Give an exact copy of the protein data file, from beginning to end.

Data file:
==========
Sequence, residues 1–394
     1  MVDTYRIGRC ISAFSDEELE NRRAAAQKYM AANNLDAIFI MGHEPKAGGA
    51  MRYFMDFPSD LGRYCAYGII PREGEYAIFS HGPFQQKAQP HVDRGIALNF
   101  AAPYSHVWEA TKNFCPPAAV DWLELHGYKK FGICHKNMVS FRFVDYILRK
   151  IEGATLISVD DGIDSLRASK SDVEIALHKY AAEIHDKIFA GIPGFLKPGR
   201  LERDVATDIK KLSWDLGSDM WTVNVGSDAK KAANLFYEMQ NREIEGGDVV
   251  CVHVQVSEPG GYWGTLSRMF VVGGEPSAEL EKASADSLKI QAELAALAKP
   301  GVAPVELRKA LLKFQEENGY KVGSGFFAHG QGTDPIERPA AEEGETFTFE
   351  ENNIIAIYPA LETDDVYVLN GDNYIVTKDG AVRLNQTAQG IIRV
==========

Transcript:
Sequence, residues 1–394
     1  MVDTYRIGRC ISAFSDEELE NRRAAAQKYM AANNLDAIFI MGHEPKAGGA
    51  MRYFMDFPSD LGRYCAYGII PREGEYAIFS HGPFQQKAQP HVDRGIALNF
   101  AAPYSHVWEA TKNFCPPAAV DWLELHGYKK FGICHKNMVS FRFVDYILRK
   151  IEGATLISVD DGIDSLRASK SDVEIALHKY AAEIHDKIFA GIPGFLKPGR
   201  LERDVATDIK KLSWDLGSDM WTVNVGSDAK KAANLFYEMQ NREIEGGDVV
   251  CVHVQVSEPG GYWGTLSRMF VVGGEPSAEL EKASADSLKI QAELAALAKP
   301  GVAPVELRKA LLKFQEENGY KVGSGFFAHG QGTDPIERPA AEEGETFTFE
   351  ENNIIAIYPA LETDDVYVLN GDNYIVTKDG AVRLNQTAQG IIRV